Hypochondria, and patronizing Poirot to your peril (a.k.a. “Hastings gets told”)

A couple of weeks ago I blogged about the paternalistic tendency of Poirot to organize other people’s lives for them, and the condescending way this sometimes played out in his interactions with Hastings in the series.

What happens when a character dares to do the same with Poirot? Much entertainment!  In short, whenever there is fuss, Hastings invariably gets told off.

In the books, Poirot sometimes allows himself to be condescended to by behaving more naively “foreign” than he really is, to deceive others in the course of an investigation. For all his vanity, he is willing to buy success by (temporarily) enduring scorn, or being thought a mountebank.

‘It is true that I can speak the exact, the idiomatic English. But, my friend, to speak the broken English is an enormous asset. It leads people to despise you. They say– a foreigner– he can’t even speak English properly. It is not my policy to terrify people– instead I invite their gentle ridicule. Also I boast! An Englishman he says often, “A fellow who thinks as much of himself as that cannot be worth much.” That is the English point of view. It is not at all true. And so, you see, I put people off their guard.’

-Three Act Tragedy

Not much of this particular quality makes itself blatant in the course of the series, but other forms of condescension present themselves– sometimes welcome, and sometimes not.

Hypochondria is just one of Poirot’s irritating-but-much-loved traits, and one particular expression of his vanity. Generally, he is only too delighted to be fussed over. But there are various scenarios in which he dislikes the attentions, such as when his personal dignity is affronted, or when being fussed over prevents him from doing what he would rather be doing (such as investigating), or when blatant opportunists want to take advantage of him. In those situations, coddlers, fussers, and patronizers beware. Unless you’re Miss Lemon, who can get away with anything.

Classic examples in The Mystery of Hunter’s Lodge…

Hastings: “You get back into bed now. You can leave this to me.”
Poirot: “Comment?”
Hastings: “This investigation. You can leave it to me. I’ll report back to you, of course. I know these people, Poirot. I’ve got one or two ideas already.”
Poirot: “What are these ideas, Hastings?”
Hastings (holding up a finger): “You just relax.”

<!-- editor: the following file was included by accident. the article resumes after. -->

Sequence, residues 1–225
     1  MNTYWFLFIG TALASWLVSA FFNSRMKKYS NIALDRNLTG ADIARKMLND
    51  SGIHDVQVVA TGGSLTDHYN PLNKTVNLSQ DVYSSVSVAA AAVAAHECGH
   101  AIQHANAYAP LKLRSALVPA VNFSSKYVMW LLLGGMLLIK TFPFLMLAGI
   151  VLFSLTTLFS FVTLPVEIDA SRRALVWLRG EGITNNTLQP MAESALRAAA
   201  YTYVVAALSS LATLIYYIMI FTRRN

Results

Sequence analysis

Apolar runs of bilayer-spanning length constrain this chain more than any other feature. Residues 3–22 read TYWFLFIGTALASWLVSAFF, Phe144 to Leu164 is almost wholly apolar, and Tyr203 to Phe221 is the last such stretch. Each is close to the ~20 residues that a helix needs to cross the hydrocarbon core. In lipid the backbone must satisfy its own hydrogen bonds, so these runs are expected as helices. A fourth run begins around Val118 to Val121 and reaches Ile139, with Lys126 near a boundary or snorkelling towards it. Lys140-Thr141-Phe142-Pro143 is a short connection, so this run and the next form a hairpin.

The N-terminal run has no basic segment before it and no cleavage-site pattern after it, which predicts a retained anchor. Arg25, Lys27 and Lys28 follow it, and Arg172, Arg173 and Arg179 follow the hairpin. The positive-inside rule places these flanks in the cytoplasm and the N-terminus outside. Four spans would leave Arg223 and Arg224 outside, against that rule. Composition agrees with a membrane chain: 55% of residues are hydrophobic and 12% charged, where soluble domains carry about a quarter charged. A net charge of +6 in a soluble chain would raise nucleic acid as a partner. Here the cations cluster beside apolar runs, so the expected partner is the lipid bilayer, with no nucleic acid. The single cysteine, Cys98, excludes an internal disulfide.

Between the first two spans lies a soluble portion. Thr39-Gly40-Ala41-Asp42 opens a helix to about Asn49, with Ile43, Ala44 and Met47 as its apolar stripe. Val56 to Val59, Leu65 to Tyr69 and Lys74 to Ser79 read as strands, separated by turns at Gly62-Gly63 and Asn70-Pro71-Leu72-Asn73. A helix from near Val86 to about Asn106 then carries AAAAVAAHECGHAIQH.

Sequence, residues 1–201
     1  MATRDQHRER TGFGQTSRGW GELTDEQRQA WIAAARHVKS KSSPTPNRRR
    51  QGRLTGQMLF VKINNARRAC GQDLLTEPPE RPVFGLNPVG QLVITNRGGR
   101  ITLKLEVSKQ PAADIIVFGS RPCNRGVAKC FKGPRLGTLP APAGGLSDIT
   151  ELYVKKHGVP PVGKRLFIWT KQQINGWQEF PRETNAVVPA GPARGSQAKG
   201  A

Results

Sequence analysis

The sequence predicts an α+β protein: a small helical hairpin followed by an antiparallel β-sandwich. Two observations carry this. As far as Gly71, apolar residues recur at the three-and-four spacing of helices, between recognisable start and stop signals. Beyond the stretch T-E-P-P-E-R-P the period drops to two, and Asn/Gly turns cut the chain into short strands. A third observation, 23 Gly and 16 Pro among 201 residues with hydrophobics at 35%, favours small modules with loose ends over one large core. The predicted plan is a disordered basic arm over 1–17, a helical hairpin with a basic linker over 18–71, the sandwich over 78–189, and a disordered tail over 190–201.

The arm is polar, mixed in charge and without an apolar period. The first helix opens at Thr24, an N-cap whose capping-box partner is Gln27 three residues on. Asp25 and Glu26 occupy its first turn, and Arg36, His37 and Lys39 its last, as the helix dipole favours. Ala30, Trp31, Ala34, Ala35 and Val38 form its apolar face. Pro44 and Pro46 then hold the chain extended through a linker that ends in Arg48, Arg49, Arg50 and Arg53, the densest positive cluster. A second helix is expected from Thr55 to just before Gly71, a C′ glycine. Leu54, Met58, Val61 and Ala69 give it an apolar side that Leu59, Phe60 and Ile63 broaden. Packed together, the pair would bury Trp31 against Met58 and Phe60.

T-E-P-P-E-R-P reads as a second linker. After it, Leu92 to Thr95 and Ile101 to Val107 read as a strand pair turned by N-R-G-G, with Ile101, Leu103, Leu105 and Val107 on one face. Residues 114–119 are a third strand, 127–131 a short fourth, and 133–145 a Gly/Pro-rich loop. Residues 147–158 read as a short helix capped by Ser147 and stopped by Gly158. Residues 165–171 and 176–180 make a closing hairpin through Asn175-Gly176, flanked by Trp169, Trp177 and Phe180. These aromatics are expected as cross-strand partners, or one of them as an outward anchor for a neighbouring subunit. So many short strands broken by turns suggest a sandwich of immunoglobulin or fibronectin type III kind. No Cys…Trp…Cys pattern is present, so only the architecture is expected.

Poirot: “Hastings, will you please stop tapping your nose in that theatrical manner and tell me all that you know!”

Hastings gets told.

Likewise, he later snaps at Japp who asks him if shouldn’t be in bed: “Possibly, but please, do not fuss!” But he happily accepts blackberry tea from a paternal railway operator as he wheedles information out of him for the sake of the case.

Jewel Robbery at the Grand Metropolitan is comprehensive in showing how Poirot deals with “fusses” of both the patronizing and non-patronizing variety. The first time he encounters someone playing the newspaper game of hunting for “Lucky Len,” he is pleased at being recognized as someone whose face has often been in the papers (later to be disillusioned). But when Mr. Opalsen uses Poirot’s presence at his play for the sake of newspaper publicity, he is outraged and takes his revenge by later getting the otherwise innocent Mr. Opalsen arrested. Comparatively, in The A.B.C. Murders, Poirot receives somewhat unflattering newspaper coverage to Hastings’ concern, but does not himself seem to mind, as he hopes it will help the murderer relax his guard.

Jewel Robbery suggests something else of Hastings’ very occasional patronizing air. Extremely laid-back compared to his ever-interfering and micro-organizing friend, Hastings only seems to present this attitude in the case of serious illness or, notably, faced with the terrifying prospect of Miss Lemon coming down on him like a ton of bricks for dereliction of duty.

Hastings: “This was meant to be a rest, you know. Heaven knows what Miss Lemon’s going to say when she arrives.”